A Note on Content

The purpose of this blog is twofold: (1) to advertise my services as a photographer, and (2) to provide useful information to people who want to take better pictures, particularly when it comes to photographing children.

Although I have not organized the blog posts in any particular order, I have tried to start with basic information and build from there, so those wanting to learn more about photography and visiting the site for the first time may want to start with the oldest posts first.

If you have questions or comments about the blog, please feel free to leave a comment or to email me directly. I hope the photos and other information presented here help you appreciate the art of children's photography, and inspire you to take great photographs of your own.

Saturday, August 22, 2009

Reflectors and Diffusers

One can't excel at photography without learning to control and manipulate light. To do so, a photographer can employ a wide range of tools, but I'd like to focus on two that are particularly important when it comes to natural light portraiture: reflectors and diffusers.

I'm sure you've seen those white circles professional photographers like to use when shooting outdoors. Well, those little (and not so little) white circles come in two principal types: (1) diffusers, which scatter the harsh rays of the sun, covering the subject in a softer, more diffuse light; and (2) reflectors, typically employed in shady locations or with a backlit subject and used to reflect additional light onto the subject. Fair enough, and one can read about those tools endlessly on various photo blogs and "how to" sites and buy them and try them out and "look professional," but here's the point I want to make: the world is full of reflectors and diffusers, most of them free (or cheap) and readily available.

Best diffuser: clouds.
Best reflector: water.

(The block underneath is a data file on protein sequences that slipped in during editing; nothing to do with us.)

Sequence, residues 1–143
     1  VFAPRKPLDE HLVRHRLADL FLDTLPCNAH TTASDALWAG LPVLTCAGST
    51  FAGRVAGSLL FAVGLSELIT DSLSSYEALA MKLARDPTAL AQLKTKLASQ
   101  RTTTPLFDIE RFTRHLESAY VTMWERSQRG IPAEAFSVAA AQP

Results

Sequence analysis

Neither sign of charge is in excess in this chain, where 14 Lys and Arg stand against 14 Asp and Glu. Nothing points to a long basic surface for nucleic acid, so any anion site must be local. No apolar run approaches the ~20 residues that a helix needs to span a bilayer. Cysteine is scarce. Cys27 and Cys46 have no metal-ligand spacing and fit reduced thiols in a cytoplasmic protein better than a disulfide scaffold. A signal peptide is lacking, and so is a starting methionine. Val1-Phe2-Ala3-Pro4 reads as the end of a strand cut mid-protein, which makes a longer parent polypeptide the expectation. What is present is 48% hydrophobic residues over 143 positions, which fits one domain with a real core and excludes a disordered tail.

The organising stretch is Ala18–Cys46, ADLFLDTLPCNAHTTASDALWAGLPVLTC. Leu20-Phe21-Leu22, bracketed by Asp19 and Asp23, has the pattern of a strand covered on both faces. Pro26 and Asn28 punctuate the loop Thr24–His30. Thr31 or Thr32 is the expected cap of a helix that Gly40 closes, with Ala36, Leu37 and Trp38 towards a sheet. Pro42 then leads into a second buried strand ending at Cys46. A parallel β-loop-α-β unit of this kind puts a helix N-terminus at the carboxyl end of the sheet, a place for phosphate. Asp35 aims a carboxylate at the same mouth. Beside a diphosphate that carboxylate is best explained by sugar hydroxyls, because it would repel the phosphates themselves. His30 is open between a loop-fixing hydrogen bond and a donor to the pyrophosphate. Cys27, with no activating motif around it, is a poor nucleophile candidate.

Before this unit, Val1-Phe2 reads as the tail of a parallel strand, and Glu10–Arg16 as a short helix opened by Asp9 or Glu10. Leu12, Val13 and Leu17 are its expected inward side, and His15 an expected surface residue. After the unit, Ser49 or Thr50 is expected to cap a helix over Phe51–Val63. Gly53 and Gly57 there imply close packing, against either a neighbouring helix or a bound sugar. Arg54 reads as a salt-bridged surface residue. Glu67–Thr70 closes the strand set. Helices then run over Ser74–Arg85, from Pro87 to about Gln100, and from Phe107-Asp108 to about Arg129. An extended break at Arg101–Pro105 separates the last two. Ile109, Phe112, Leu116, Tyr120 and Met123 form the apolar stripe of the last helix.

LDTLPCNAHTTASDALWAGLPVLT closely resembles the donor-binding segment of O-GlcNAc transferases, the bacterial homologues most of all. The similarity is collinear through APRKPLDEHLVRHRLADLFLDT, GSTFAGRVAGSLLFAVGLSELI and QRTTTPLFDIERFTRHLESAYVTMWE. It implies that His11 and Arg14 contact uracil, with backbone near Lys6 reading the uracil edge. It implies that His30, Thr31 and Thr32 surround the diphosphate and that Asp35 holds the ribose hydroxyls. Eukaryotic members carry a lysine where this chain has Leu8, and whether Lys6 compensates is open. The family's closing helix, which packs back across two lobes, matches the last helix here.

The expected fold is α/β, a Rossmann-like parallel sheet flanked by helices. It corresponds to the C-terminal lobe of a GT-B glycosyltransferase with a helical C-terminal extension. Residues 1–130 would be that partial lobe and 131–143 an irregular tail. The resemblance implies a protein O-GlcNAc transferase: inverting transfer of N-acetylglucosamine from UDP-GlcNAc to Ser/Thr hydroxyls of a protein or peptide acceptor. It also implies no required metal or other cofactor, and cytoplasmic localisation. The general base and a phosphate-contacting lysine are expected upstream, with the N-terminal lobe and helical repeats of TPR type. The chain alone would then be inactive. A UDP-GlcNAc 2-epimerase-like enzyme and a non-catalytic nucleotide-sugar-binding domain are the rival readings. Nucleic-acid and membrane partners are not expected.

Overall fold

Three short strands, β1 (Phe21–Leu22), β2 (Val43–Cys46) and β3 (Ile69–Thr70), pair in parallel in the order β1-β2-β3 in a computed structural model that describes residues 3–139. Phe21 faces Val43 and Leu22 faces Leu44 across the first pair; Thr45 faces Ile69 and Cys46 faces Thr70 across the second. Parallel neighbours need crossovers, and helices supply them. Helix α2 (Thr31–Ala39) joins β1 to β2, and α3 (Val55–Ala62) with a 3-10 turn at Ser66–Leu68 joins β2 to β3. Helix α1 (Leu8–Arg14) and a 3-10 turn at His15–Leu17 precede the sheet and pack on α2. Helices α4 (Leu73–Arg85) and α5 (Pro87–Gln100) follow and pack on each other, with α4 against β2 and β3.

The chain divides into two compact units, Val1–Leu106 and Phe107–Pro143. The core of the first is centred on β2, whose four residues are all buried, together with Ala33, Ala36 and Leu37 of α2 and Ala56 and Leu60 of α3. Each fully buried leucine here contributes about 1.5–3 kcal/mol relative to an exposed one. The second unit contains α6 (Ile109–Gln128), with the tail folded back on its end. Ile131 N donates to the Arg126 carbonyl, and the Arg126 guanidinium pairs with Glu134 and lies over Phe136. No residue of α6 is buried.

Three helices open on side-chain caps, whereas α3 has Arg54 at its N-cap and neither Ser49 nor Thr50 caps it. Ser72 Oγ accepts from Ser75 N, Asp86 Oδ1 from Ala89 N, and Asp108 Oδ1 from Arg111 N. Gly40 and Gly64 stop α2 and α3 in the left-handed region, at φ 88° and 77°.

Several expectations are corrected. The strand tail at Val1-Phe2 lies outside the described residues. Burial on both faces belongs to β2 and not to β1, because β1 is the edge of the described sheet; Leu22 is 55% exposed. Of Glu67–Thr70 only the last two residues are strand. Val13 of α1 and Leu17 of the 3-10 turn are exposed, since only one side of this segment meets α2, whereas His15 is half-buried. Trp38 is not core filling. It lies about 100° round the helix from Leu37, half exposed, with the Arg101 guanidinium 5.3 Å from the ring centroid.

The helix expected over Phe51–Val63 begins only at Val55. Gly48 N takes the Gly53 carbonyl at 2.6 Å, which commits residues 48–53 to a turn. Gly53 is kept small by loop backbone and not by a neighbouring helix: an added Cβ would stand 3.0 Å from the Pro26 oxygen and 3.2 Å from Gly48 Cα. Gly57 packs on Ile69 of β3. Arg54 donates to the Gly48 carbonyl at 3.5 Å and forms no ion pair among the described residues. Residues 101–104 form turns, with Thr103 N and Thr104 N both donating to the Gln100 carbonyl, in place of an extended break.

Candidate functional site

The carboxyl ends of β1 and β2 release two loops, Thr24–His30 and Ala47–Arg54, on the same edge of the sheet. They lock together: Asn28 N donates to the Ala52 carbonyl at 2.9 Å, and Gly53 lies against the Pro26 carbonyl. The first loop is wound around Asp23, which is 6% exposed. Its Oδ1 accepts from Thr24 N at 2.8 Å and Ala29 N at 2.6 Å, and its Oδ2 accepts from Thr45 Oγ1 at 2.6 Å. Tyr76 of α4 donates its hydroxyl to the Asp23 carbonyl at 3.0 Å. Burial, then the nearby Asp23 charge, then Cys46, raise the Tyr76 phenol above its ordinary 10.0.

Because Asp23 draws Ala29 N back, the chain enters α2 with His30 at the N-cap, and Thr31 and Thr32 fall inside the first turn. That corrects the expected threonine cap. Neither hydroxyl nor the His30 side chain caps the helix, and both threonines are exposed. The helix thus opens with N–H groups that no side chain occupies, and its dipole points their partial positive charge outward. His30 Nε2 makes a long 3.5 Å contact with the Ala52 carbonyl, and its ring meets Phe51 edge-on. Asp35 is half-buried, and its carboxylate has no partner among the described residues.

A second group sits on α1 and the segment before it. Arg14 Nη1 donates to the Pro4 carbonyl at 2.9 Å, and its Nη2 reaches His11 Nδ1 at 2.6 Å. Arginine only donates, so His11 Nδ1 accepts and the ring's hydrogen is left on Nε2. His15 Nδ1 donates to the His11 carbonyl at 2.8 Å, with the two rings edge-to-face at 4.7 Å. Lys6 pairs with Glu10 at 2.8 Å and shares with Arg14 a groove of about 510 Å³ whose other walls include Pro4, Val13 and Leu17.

But that's only the beginning! ANYTHING that reflects can be a reflector, and ANYTHING that diffuses (scatters light) can be a diffuser. Consider for a moment your hand: does it reflect light? You better believe it does. Try holding it close to something small (say, a flower) and notice what happens to the light on the flower. Does that mean one's hands are make for a good portrait reflector? Not at all (far too small), but for that flower close-up? Maybe so.

White objects of any kind make wonderful reflectors: white walls, white cars, white drapes, white snow--anything--but so does literally anything bright or smooth: stone walls, the sides of building, parked cars, you name it. So, keep an eye out for those natural reflectors, and be sure to position yourself and your subject to take advantage of them.

Same goes for diffusers. Can't afford an expensive professional diffuser? Well, I made a diffuser for about $2.50 with an old screen from the local junk store (Deseret Industries). I bought the screen for $1.00 (maybe 3 feet x 5 feet) punched out the screen, and attached a double layer of clear polyethylene pastic in its place. Voila! A diffuser that works every bit as good as an expensive circle thingy. (I've seen similar low-tech diffusers used in professional fashion shoots.) I use another to cover windows: it's a cheap set of sheer white drapes I bought at Walmart for next-to-nothing. (I also bought a few stick on velcro buttons so I can easily attach it to any odd curtain rod.) What difference does it make to the final image that I used a cheap set of Walmart drapes instead of a professional diffuser? None. Nada. No difference at all.